Mexico Life
U.S. commander John Pershing on Punitive Expedition The future General John Pershing reviewing troops during 1916's Punitive Expedition. Arizona Historical Society

New book delves into history of US attempt to hunt down Pancho Villa

War on the Border author was inspired to write by Trump's 2015 campaign rhetoric

On March 9, 1916, the legendary Mexican revolutionary Francisco “Pancho” Villa launched an audacious attack on United States soil against the town of Columbus, New Mexico. In response, President Woodrow Wilson sent thousands of U.S. service members into Mexico headed by future World War I commander General John Pershing.

The U.S. military operation, officially called the Punitive Expedition, did not find Villa, but author Jeff Guinn found plenty of unanticipated similarities between that era and current Mexican-U.S. relations in his book, War on the Border: Villa, Pershing, the Texas Rangers, and an American Invasion, published earlier this year by Simon & Schuster.

“The same issues [in] the book exist today,” Guinn said. “There’s resentment on both sides. Beyond that, there’s the question of who should be allowed to cross the border and how that should happen.”

Guinn, who is based in Texas, was inspired in 2015 to write the book after hearing then-presidential candidate Donald Trump call for a “big, beautiful wall” along the border.

The more he researched, the more parallels he found between the present day and the time period.

Pancho Villa wanted poster in Chihuahua
An early 20th century reward poster for the capture of revolutionary Pancho Villa. University of Texas at El Paso Library Special Collections

Then, as now, the border was a place of simmering resentments. Sources of Mexican unhappiness stretched back to the 19th century with the Mexican-American War and the U.S. occupation of Veracruz in 1914 in reaction to a minor incident involving U.S. servicemen in Tampico, Tamaulipas.

In addition, American Texas Rangers had committed what Guinn described as a slaughter of innocent Mexicans during the Mexican-American War.

Americans, on the other hand, feared the Plan of San Diego — a Mexican attempt to send raiding parties against U.S. settlers, farmers and ranchers, a plan that derived its name from a municipality in Texas.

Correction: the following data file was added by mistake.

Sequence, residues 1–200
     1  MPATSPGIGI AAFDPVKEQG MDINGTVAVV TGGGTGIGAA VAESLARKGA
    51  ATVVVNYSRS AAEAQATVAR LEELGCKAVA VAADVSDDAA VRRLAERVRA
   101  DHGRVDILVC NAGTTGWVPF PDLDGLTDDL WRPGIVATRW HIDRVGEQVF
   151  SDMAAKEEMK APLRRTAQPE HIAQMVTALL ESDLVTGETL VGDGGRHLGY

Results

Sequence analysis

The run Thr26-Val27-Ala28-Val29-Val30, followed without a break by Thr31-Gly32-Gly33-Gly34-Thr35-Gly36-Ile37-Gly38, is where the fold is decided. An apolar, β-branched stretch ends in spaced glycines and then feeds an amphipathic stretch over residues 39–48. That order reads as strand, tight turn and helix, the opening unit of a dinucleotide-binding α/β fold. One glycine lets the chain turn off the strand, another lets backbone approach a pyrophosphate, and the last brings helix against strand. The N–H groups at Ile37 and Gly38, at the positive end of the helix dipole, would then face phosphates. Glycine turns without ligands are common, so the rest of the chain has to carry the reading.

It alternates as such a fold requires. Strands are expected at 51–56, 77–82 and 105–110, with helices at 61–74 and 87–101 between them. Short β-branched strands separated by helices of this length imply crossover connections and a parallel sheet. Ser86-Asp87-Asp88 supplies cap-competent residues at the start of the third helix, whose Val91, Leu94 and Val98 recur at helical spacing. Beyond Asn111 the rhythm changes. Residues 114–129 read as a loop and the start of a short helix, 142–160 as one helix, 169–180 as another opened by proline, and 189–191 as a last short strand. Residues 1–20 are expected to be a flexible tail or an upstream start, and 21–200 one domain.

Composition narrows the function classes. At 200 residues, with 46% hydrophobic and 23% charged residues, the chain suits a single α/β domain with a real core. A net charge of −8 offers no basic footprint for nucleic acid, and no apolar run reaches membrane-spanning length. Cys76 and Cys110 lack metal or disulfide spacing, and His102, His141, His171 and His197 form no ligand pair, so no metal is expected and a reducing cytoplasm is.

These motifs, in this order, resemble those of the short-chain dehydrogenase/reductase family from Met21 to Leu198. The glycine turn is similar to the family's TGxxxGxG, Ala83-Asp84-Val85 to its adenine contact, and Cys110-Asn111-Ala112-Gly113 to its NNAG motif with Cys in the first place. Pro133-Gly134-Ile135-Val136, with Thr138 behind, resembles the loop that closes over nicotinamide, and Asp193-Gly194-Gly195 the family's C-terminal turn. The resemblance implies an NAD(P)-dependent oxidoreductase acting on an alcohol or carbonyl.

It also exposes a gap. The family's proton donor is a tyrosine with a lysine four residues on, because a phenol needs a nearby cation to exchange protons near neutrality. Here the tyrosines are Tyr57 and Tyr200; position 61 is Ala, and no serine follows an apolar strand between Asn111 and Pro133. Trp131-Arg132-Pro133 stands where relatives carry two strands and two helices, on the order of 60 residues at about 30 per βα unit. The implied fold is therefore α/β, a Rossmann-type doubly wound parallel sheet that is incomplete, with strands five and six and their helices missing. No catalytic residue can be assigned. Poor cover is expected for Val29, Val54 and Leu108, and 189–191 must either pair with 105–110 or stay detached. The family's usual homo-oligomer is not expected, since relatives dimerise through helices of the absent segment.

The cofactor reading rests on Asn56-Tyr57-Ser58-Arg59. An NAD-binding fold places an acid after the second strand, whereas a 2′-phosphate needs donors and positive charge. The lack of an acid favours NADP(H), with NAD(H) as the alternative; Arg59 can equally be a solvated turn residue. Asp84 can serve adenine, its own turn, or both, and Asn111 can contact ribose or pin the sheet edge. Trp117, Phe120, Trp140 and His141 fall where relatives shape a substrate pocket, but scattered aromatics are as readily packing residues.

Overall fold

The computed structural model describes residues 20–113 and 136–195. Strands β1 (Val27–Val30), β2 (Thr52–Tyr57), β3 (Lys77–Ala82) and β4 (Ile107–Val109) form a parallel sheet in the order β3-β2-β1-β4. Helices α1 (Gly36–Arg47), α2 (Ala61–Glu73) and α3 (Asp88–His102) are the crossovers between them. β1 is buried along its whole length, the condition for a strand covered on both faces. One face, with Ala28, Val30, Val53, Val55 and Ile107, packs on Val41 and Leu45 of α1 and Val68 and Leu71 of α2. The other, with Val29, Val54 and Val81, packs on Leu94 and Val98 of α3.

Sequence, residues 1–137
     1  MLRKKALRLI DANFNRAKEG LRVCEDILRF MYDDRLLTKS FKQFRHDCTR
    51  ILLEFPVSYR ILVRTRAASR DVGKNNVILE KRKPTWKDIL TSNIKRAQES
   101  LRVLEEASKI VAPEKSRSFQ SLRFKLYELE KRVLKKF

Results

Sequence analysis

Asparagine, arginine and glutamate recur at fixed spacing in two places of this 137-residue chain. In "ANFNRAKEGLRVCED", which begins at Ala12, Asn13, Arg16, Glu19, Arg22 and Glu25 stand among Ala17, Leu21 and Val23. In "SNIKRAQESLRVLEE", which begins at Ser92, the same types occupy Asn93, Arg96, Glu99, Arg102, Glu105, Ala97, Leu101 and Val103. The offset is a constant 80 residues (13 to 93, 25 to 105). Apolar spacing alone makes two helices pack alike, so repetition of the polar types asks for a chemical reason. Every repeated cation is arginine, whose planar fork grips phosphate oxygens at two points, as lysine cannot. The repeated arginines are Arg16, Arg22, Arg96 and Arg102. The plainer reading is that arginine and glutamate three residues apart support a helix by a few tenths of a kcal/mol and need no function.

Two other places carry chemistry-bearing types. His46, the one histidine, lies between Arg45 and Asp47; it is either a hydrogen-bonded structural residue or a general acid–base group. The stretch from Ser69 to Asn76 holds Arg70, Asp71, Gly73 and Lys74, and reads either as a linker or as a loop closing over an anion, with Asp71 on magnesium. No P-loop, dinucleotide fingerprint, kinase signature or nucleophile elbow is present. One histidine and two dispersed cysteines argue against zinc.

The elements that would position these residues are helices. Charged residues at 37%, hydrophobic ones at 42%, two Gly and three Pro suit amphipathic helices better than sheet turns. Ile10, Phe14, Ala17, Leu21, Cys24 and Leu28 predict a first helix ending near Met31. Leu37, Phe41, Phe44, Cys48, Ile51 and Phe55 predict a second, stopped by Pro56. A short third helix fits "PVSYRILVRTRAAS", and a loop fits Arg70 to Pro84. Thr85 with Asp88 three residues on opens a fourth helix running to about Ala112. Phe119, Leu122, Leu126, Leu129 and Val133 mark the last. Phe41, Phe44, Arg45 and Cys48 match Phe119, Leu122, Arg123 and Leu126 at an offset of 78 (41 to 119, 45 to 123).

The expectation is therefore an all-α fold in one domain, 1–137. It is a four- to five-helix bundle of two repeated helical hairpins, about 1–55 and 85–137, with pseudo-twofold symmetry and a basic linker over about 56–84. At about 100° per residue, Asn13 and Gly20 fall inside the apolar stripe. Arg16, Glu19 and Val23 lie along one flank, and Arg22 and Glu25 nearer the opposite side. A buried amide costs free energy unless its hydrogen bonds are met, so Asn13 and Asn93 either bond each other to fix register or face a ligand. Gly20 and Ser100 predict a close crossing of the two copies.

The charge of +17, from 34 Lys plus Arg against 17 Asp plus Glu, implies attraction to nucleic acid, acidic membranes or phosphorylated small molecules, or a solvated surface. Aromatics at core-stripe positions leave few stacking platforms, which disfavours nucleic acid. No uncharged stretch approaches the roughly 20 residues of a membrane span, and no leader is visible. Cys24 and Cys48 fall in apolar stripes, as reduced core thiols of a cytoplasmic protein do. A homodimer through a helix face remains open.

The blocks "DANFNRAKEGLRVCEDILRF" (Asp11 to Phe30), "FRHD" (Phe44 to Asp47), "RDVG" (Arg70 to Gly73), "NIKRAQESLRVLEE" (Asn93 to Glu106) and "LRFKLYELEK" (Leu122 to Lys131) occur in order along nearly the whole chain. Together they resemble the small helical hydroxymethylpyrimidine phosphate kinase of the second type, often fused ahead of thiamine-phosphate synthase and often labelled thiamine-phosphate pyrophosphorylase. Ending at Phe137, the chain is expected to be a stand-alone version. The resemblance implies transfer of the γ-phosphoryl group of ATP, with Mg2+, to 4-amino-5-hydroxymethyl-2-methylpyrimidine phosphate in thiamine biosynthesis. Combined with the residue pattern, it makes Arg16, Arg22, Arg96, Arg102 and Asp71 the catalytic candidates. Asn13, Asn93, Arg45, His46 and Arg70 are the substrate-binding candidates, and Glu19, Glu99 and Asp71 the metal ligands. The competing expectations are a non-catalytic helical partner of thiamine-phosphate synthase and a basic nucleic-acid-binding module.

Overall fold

Guinn discovered that America had tried to build a border wall multiple times in the early 20th century without success. When he visited Columbus to watch commemorations of Villa’s raid, he noted lingering hostile sentiment among older Anglos and heard a disdainful comment about Mexicans that is quoted in the book.

“I did not want to finish the book on a depressing note,” Guinn said. “There could be change if people on both sides want [there] to be.”

Guinn did some outreach of his own. The historians he interviewed for the book included Mexican scholars Arnoldo de León and Miguel Levario.

“I also wanted to make sure I talked to some fine historians who didn’t have Anglo last names, who had other ideas and viewpoints,” Guinn said, calling de León and Levario “especially helpful.”

This is Guinn’s 21st book, with previous titles focusing on Americans who have grabbed headlines for varying reasons — from inventors Thomas Edison and Henry Ford to outlaws Bonnie and Clyde to the notorious Jim Jones and Charles Manson.

“All my books have a couple of underlying themes,” Guinn said, including “the difference between mythology and actual history.”

Iconic names populate much of his writing, and he noted that War on the Border features a “larger main cast of characters.”

First and foremost, there was Villa, who was “obsessed with his public image, [who] wanted people to think he was invincible,” Guinn said.

Other protagonists included Villa’s nemesis, the then-Mexican president Venustiano Carranza; future president Álvaro Obregón; and Villa’s fellow revolutionary, Emiliano Zapata. On the American side, there was Pershing, whose army included a promising young officer named George Patton.

author Jeff Guinn
Jeff Guinn has written 21 books about topics as varied as Charles Manson and Thomas Edison. Eduardo Fierro SVC

In Washington, President Wilson monitored not only Pershing’s progress but his own reelection chances in the 1916 presidential campaign and the prospect of the U.S. being drawn into World War I.